Hiring employees can be a difficult process, made even more difficult by protections concerning questions that can and cannot be asked during an interview. Background checks can provide information about prospective employees that can help in the hiring decision, but the results of a background check cannot always be used to refuse to hire someone.
Hiring Employees: The Interview
The interview is likely the first time an employer will meet a potential employee. It is an excellent opportunity to gather information about the prospective employee; however, some questions must be avoided.
Questions involving race may only be asked if there is a proven business need to know the applicant’s race.
Example: Hiring for affirmative action purposes.
As height and weight are often tied to nationality and cultural differences, questions pertaining to either are typically not allowed. The exception is when the applicant’s height and weight are relevant to the job for which they are applying.
Example: Pilots of military aircraft need to be a certain height to properly fit into the cockpit.
Questions regarding financial status, including credit rating inquiries and questions about property ownership and bank accounts, should not be asked because these types of questions often put minorities and women at a disadvantage. However, questions regarding financial status may be asked if it is relevant to the position.
Example: Banks may run credit checks on potential employees that will be handling money to avoid a higher risk of theft.
Religion and personal beliefs may not be brought up during an interview, unless the company conducting the interview has obtained a federal exemption because it is a religious corporation, institution, or society.
Example: A religious university that is hiring a professor may ask about an applicant’s religious beliefs.
Questions asked of applicants involving their marital status and number of children are best avoided because these types of questions often put women at a disadvantage. Asking about pregnancy, number of children and future plans to have children, marital status, and a spouse’s work situation are almost always viewed as discriminatory.
Questions regarding family status may only be asked after an offer of employment has been made, and only for the purpose of providing this information to an insurance company on the employee’s behalf.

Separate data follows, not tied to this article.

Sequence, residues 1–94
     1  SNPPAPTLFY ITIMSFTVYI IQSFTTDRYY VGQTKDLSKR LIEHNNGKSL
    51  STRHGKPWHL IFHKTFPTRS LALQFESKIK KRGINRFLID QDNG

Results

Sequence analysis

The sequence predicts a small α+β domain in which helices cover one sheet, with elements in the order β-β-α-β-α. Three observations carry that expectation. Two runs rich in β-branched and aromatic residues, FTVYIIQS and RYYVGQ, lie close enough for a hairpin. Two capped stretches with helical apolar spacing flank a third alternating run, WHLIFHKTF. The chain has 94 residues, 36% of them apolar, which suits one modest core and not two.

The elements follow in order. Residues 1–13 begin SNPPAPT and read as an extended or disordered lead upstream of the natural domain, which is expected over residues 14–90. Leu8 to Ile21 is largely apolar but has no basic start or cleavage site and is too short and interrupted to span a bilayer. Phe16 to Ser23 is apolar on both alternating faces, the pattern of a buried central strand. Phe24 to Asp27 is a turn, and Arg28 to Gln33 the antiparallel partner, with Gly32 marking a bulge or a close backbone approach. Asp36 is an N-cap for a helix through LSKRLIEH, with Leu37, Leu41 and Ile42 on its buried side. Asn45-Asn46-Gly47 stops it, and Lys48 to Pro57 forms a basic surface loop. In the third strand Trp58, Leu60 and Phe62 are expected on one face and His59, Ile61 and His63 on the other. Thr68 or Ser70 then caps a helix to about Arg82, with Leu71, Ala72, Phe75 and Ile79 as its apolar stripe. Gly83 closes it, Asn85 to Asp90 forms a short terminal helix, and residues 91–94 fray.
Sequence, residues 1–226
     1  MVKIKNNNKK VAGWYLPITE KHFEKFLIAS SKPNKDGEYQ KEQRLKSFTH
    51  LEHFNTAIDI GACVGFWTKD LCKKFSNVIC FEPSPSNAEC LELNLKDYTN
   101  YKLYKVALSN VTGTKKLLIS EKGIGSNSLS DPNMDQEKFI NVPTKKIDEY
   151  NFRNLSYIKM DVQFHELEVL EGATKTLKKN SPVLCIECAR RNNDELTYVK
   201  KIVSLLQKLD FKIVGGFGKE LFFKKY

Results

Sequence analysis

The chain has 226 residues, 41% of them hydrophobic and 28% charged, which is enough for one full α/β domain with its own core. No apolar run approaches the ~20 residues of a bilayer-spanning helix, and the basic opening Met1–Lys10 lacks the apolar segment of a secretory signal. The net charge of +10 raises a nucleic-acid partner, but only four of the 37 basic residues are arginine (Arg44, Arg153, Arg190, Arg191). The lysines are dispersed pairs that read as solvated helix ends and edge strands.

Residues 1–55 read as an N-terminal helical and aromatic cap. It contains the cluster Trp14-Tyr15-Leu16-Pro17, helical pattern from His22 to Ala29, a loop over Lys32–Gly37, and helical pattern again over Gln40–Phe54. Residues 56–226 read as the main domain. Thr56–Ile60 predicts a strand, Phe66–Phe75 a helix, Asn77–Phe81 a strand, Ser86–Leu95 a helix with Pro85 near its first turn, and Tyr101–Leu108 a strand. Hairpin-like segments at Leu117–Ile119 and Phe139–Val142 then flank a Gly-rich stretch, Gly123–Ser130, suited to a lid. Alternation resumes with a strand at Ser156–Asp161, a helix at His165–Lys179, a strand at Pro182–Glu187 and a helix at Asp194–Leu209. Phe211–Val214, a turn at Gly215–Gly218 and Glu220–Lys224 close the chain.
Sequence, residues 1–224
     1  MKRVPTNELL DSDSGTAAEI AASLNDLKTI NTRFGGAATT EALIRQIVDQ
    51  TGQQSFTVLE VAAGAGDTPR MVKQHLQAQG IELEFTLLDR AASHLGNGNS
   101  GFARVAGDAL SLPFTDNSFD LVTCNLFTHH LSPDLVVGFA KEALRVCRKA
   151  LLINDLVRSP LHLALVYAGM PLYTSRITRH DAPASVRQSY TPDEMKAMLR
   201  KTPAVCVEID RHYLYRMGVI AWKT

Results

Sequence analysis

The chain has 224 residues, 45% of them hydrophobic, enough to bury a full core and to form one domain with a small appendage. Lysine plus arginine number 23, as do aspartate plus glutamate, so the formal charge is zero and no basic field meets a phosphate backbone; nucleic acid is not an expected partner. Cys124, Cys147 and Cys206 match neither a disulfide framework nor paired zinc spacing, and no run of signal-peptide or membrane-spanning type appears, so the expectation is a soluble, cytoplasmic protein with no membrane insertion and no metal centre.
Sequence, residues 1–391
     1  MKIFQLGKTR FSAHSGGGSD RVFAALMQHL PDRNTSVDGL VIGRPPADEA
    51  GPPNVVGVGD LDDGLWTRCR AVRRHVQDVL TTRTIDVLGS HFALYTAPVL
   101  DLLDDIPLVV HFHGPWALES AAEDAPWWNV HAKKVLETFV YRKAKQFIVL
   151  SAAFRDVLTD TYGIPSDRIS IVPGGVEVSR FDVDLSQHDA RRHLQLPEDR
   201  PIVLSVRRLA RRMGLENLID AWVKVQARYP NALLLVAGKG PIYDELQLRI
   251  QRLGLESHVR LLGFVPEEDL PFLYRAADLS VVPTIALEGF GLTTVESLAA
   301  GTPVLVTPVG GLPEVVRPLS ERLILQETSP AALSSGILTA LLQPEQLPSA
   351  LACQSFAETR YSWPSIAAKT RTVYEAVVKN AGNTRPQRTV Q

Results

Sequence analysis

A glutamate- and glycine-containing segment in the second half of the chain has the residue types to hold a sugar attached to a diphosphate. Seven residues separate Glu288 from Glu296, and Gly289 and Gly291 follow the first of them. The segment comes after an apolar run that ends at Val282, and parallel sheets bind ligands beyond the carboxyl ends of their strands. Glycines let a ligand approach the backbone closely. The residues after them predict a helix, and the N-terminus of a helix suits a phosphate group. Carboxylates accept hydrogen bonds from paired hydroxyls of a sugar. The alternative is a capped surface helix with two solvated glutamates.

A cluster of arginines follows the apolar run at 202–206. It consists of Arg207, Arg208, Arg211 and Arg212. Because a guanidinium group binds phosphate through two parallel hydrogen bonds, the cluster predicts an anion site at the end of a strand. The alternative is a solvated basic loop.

An applicant’s citizenship status may not be asked until after an offer of employment has been made.
Asking an applicant whether they have medical problems or a disability is not allowed during an interview. However, it is acceptable to ask a prospective employee if they need accommodations to complete the job. Any medical questions or exams made after an offer of employment has been extended should relate to verifying an employee’s ability to complete their job with accommodations.
Hiring Employees: The Background Check
If an employer decides to require applicants to complete a background check, the background check must be conducted the same way for all potential employees, regardless of ethnicity or religion. This means that employers are not allowed to only require a background check of an applicant belonging to a specific ethnic group or religion, such as Middle Eastern or Islam.
While employers are permitted by law to complete a background check before making a hiring decision, there are restrictions on how the information obtained can be used:
- Records that indicate the prospective employee has been arrested do not necessarily mean that the person did, in fact, commit a crime, and an employer must give the applicant an opportunity to explain their criminal record.
- If the hiring employer does think that the arrests or convictions listed on an applicant’s background check are due to the applicant’s criminal conduct, refusal to hire the potential employee is not necessarily justified. It is only justifiable if the employer can establish that the applicant will not be able to perform their job duties in a trustworthy manner.
Before a background check in conducted, the potential employee must be notified in writing.
When It’s Not Okay To Refuse To Hire Someone
The information above covers many of the instances when the information gathered in an interview or through a background check cannot be used to refuse to hire someone. A recap of when it is not acceptable to refuse to hire someone, as well as additional situations, are as follows:
- An applicant’s age, weight, height, and familial status may not be used to refuse to hire the person, unless there is a verifiable reason to do so.
- Employers may not refuse to hire someone solely based on the applicant’s pregnancy.
- Many states have enacted laws protecting smokers from discrimination. Employers in these states may not refuse to hire someone based on the fact that they smoke.
- Unless arrests and convictions discovered in a background check give the employer a verifiable reason to find the applicant untrustworthy in regards to completing the job, these items may not be used to refuse to hire a person.
- An employer may refuse to hire someone because of visible tattoos or piercings only if there is an established company policy regarding appearance. Refusal to hire without a company policy in place may result in legal recourse.
- Only organizations with a federal designation as being a religious entity may refuse to hire someone based on their religion.